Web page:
Leveling up: the Treasury has sat on its checkbook and it shows

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OThe hitehall squabbles left the much-celebrated upgrade white paper long in words and short in deeds, officials said The Independent.

The full document has yet to be revealed, but an overnight government lead suggests it has changed little despite two delays.

After two years of anticipation, the White Paper on Leveling – has failed to show the ambition that many hoped for. Its declared objectives – the 12 missions – were well followed, in particular by The Independentwho reported on a leaked version of the document last year. Officials told the newspaper that there have been relatively few significant changes in recent weeks.

There’s a simple problem at the heart of the race to the top: There isn’t enough money to scratch the surface of regional inequality, according to many economists and local government experts.

Reading it, you have to wonder why the Treasury said no to injecting fresh money into the plans.

First, they took on The Economic History Lesson, an effort led by Andy Haldane, former chief economist at the Bank of England and adviser to Michael Gove’s upgrade department. It follows that the leveling fund has remained stubbornly pegged at £4.8 billion. Not significant in terms of macro-economic planning. A character in the small billions, compared to the trillions which economists have warned would be needed for this project – a ten-year rolling project according to the government – ​​to bear fruit.

There’s also the problem of focusing on place versus people, a warning issued on Tuesday by economics think tank the Institute for Fiscal Studies (IFS). People in the bottom 10% in terms of income receive a similar salary across the country. But they’re most likely to struggle the most in places with high living costs — like the Southeast, which isn’t often the focus of the upgrade campaign.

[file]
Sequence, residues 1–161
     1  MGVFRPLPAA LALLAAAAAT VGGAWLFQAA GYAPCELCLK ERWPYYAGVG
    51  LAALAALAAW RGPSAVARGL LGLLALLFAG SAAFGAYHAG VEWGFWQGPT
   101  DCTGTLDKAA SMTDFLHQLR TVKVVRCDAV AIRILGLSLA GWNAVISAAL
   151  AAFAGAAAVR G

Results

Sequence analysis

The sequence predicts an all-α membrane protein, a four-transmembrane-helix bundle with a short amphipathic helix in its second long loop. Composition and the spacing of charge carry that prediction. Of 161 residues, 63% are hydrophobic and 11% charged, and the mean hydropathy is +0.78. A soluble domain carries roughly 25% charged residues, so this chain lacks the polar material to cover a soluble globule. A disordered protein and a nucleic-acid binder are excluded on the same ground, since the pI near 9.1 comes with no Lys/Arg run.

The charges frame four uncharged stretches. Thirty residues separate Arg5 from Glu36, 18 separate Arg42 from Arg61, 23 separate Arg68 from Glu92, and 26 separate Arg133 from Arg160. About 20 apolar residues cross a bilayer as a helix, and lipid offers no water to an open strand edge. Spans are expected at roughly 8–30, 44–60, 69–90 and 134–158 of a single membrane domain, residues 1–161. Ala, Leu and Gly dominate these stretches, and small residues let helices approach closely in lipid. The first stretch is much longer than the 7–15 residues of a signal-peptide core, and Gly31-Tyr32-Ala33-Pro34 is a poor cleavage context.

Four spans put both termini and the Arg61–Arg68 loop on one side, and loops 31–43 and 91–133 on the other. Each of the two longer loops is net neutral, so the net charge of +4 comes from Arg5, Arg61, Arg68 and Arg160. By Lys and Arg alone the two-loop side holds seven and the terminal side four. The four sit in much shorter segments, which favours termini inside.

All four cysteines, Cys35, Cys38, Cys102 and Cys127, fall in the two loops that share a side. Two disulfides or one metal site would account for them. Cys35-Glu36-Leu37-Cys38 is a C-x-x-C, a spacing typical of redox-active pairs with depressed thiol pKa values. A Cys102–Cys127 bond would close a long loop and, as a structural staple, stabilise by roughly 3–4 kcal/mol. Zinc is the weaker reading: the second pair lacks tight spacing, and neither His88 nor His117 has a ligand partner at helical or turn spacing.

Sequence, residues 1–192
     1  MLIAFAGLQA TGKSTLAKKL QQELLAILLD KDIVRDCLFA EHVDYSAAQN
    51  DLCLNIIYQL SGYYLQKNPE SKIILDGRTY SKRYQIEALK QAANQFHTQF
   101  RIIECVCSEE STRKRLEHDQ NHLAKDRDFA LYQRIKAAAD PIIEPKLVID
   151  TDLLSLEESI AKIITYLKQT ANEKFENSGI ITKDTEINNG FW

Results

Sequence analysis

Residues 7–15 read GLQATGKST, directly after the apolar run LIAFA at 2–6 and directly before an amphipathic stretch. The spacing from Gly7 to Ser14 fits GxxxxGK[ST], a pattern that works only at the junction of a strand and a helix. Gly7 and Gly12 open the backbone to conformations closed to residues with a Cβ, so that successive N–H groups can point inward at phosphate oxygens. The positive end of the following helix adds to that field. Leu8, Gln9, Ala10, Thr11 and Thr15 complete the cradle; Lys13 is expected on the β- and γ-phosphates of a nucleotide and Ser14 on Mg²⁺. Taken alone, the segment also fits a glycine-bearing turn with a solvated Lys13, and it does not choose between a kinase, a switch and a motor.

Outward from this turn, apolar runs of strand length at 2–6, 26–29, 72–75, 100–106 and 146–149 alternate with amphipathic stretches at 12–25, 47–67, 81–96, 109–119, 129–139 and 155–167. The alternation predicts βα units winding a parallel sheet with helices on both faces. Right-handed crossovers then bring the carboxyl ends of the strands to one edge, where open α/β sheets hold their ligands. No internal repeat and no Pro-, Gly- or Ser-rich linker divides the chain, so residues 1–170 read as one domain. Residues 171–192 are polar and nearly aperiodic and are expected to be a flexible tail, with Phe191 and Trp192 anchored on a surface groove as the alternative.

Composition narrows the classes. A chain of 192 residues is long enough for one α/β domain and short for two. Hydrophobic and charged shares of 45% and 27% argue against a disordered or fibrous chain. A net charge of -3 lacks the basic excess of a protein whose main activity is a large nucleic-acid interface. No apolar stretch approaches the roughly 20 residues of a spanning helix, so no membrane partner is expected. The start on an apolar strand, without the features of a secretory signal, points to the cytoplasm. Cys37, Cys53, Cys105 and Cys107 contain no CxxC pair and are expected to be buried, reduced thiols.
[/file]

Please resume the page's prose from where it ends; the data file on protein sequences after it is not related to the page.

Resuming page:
“It’s really important to remember in all of this that while high-paying jobs are unequally distributed, low-paying jobs, and therefore poverty, are not,” says IFS director Paul Johnson.

Regional economic planning is no small (or new) football in Whitehall. But what some hoped would be an enlightened new vision for marrying governance with industrial strategy turned out to be “a history lesson for a starter, thin soup for a main course and congratulations for the pudding”, a said a senior official.

For now, the white paper shows that the old mantra returns to Whitehall, one of the official texts: “Industrial strategy is dead. Long live industrial strategy (insert new buzzword here). »

The reinvention of leveling up is already underway. The Treasury is quietly trying to devise a new productivity plan for the UK: how to ensure that British workers produce more per hour worked in order to create the kind of golden loop growth that is not inflationary.

There are some hopes that if the Treasury puts some proper money behind it and gets more oversight of the project – many times the upgrade control – then this drive might prove more effective. But only if he can truly marry skills to jobs, and the UK’s twin trade and investment policies.

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